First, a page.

Pursuing Electronics that Bend, Pentagon Advances Partnership with Tech Firms

28 Aug 2015 | Author: | No comments yet »

Can SecDef Carter Win Over Silicon Valley?.

NEWPORT BEACH, Calif. (AP) — Defense Secretary Ash Carter will announce Friday that the Pentagon is funding a new venture to develop cutting-edge electronics and sensors that can flex and stretch and could be built into clothing or the skins of ships and aircraft.—The Pentagon is announcing Friday that it will contribute seed money to a consortium of Silicon Valley firms to develop what defense officials say is a promising new technology incorporating “flexible” electronics that could be incorporated into ships, jets and gear to help soldiers on the battlefield. The US government is contributing $75-million (R991m) over five years, he said, and companies, managed by the US Air Force Research Laboratory, will add $90m, with local governments chipping in more to take the total to $171m. Carter said the FlexTech Alliance comprised 162 companies, universities and other groups, from Boeing, Apple and Harvard, to Advantest Akron Polymer Systems and Kalamazoo Valley Community College.

The Pentagon chief is on a swing through California where he watched a Marine amphibious-assault exercise at Camp Pendleton before flying north to Silicon Valley on Friday to announce the new initiative. The defence chief also plans to meet the Defense Science Board for a briefing on a study it is doing on the level of autonomy that military drones and robots should have in future. The Flexible Hybrid Electronics Manufacturing Innovation Hub, which will be based in San Jose, is the seventh of nine such institutes planned by the Obama administration in an effort to revitalizse several US manufacturing sectors, several of them defence-related.

The DIUX is a component feeding the Third Offset Strategy, a Pentagon effort to field technologies that will keep America ahead of the increasingly bold and innovative Chinese and Russian militaries. This is Carter’s second trip to the technology hub in four months, as he works to get the Defense Department to increasingly tap into the region’s high-tech expertise and workforce. “Given what we’ve already done, there’s truly no limit to what we can achieve together,” said Carter, in an excerpt of his speech provided to reporters. “That’s why I’ve been pushing the Pentagon to think outside our five-sided box, and invest in innovation here in Silicon Valley and in tech communities across the country. And now we’re taking another step forward.” During his first trip in April, Carter launched a new program called Defense Innovation Unit – Experimental aimed at scouting out promising emerging technologies and beefing up the Pentagon’s ability to work with high-tech firms. For example, a new “bendable” electronic device for navigation of an aircraft wouldn’t have to be designed specifically for that plane, because such flexible electronics could be crammed into existing cracks and crevices to deliver the same capability—without redesigning the part of the fuselage, for example. “We’re making the equivalent of a strategic bet on an important technology that we think could have broad applications for the future,” a senior defense official said.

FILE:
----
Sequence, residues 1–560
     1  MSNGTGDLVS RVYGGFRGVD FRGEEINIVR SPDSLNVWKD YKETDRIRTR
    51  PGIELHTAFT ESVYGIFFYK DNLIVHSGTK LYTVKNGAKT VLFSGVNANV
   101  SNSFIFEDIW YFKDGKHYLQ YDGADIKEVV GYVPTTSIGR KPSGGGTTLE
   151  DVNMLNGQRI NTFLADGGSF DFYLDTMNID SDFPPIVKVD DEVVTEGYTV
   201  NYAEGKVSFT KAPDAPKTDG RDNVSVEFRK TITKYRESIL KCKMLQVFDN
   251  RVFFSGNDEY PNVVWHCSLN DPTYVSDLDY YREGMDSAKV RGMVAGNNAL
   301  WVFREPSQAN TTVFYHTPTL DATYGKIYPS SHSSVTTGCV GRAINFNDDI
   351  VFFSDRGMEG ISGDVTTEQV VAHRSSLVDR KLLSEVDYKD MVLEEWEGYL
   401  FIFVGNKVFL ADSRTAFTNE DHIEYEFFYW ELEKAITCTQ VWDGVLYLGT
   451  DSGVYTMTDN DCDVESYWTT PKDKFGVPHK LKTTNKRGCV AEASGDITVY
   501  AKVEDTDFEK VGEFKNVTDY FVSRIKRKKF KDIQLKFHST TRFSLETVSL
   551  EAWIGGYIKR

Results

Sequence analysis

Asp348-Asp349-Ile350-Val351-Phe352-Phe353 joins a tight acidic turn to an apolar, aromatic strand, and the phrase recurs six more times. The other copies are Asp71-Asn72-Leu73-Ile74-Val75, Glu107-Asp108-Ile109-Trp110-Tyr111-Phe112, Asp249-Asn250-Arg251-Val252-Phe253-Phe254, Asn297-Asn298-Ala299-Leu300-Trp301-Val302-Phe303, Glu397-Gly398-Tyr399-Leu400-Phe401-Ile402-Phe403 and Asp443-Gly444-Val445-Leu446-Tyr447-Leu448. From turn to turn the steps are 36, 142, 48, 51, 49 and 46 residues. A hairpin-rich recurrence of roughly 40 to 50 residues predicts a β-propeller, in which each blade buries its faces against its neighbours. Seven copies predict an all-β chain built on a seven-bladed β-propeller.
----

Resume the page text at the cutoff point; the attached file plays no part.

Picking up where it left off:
They have to get people who already have street cred in the valley,” he says. “I think the SOF guys get this but hendrickeon isnt someone who has a lot of time in the valley. The winning consortium includes major companies like Apple, United Technologies and Hewlett Packard with others that can embed these flexible, bendable electronics into everything from medical devices to supersonic jets. The ideas sent are being screened by five groups of five of the Pentagon’s best and brightest, each specializing in a particular top-priority area: undersea technology; air dominance and strike technology; air and missile defense technology; other technology-driven concepts.

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